Earth Notes - Quicksand
Flagstaff, AZ – Earthnotes: Quicksand
About eight centuries ago, the ancestors of today's Hopi people built several villages along the Little Colorado River near present-day Winslow. They called the place "Hom lovi," meaning "place of the little hills," and the ruins they left behind became an archaeological landmark.
The location of Hom lovi is no coincidence. It's among the few sites along this stretch of the Little Colorado that lack quicksand. Southwestern washes and rivers are rich in quicksand, thanks to the sand blown, washed, and eroded into streambeds from rocks that millions of years ago formed dunes and beaches.
Quicksand forms when a steady stream of slow-moving water arises below a sand deposit. This upward flow polishes irregular sand particles until they are as smooth as ball bearings. Once that happens, the slippery granules can't support much weight.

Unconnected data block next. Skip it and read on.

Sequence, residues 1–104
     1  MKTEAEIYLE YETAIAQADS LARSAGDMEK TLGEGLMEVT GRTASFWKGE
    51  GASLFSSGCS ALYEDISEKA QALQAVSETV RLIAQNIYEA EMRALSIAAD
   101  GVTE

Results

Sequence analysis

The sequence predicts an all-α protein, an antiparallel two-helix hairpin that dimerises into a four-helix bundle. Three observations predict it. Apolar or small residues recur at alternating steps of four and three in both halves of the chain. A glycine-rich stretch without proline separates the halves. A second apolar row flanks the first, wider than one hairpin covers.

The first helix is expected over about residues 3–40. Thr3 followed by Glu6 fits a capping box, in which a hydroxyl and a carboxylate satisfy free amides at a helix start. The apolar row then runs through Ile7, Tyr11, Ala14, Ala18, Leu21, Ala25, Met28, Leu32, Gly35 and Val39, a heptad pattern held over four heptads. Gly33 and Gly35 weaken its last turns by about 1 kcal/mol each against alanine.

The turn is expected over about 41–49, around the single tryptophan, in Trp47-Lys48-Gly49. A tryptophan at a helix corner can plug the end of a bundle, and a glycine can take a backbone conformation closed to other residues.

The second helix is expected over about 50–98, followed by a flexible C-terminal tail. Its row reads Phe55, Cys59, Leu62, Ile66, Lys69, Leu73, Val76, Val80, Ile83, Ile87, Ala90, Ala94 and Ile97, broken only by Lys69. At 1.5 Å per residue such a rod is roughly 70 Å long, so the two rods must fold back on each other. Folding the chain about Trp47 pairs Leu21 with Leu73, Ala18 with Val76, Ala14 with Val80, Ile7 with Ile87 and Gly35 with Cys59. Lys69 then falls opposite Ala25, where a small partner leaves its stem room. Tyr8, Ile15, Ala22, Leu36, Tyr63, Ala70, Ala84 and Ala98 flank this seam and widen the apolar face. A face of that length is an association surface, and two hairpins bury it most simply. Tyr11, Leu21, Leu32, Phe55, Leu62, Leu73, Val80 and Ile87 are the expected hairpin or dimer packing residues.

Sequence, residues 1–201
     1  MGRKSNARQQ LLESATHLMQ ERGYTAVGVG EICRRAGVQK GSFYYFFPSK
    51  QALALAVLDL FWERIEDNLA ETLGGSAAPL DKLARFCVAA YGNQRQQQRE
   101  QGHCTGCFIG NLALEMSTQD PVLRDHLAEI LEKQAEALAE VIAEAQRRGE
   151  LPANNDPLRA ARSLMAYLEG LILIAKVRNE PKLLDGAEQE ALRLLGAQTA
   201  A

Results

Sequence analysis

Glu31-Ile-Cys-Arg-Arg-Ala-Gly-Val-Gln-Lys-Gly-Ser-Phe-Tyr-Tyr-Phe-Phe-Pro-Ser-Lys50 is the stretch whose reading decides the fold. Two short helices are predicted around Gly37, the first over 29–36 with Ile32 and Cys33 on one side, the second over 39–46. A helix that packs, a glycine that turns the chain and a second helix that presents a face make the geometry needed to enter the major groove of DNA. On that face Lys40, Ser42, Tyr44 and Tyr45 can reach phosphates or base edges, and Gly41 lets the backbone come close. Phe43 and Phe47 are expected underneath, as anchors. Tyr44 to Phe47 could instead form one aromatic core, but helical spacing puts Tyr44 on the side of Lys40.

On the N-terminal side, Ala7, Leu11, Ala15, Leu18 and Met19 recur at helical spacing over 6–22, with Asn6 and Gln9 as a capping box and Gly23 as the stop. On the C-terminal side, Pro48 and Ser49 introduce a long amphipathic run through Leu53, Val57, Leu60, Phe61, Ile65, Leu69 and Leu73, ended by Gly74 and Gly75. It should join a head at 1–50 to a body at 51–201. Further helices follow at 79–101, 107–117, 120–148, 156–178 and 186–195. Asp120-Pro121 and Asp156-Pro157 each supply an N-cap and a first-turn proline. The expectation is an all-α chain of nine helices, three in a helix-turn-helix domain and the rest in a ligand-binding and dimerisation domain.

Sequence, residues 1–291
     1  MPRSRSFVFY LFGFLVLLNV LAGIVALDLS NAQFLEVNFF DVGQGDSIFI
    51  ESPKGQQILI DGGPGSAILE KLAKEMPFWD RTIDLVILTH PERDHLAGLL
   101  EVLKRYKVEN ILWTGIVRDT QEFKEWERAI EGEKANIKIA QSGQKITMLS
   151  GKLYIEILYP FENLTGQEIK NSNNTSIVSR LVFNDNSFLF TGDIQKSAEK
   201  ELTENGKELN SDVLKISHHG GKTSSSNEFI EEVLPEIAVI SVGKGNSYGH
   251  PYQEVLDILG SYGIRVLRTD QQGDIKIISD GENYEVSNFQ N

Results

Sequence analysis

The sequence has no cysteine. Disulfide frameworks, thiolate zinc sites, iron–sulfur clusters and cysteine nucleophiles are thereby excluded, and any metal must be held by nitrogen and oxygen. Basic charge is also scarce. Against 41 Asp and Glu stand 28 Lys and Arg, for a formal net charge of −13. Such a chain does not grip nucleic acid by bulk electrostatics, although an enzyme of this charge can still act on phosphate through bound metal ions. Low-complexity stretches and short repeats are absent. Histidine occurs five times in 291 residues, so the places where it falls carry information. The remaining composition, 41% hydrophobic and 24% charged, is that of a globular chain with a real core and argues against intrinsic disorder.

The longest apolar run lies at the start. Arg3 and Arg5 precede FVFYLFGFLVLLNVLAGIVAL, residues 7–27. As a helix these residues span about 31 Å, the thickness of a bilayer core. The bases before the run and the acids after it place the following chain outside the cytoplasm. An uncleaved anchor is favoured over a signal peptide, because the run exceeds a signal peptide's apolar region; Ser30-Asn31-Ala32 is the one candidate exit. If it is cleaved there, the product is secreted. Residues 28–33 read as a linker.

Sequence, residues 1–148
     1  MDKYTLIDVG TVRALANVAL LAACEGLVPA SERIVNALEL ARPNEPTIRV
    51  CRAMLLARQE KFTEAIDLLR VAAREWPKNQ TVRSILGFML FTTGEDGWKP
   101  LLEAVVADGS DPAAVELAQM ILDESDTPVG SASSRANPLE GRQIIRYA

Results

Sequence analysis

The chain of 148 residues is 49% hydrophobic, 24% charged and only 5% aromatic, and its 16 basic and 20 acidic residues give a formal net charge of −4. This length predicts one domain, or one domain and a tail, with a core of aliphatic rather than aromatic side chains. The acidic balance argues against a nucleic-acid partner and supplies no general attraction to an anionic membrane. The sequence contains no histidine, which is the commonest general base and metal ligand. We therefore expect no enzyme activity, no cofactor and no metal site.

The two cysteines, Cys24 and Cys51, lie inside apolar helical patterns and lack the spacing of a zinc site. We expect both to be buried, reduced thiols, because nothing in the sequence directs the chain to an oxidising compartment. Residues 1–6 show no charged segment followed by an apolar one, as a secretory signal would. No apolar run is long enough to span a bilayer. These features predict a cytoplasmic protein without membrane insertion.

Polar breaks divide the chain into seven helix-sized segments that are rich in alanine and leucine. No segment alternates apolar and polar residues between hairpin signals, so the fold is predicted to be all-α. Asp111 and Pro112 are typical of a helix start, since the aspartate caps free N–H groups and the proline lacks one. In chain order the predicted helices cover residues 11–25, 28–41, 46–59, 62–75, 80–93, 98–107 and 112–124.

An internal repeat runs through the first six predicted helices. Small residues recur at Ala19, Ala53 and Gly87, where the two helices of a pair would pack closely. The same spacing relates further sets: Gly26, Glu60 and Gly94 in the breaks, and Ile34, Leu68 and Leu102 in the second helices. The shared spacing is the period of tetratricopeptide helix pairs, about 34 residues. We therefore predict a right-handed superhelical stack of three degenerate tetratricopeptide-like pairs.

Heavy objects can sink almost immediately in quicksand. If you're caught in quicksand, reduce your risk of drowning by spreading your arms and legs out and lying on your back to distribute your weight, rather than standing upright.
During storms, otherwise dry and harmless sand washes like the Little Colorado may become deadly. Cows, sheep, people, and even vehicles have been swallowed whole by quicksand.
Around Hom lovi and Winslow, however, much of the riverbed is free of quicksand. Modern-day drivers who cross the river on Interstate 40 are simply following in the footsteps of those who learned how to coexist with a fickle river many centuries ago.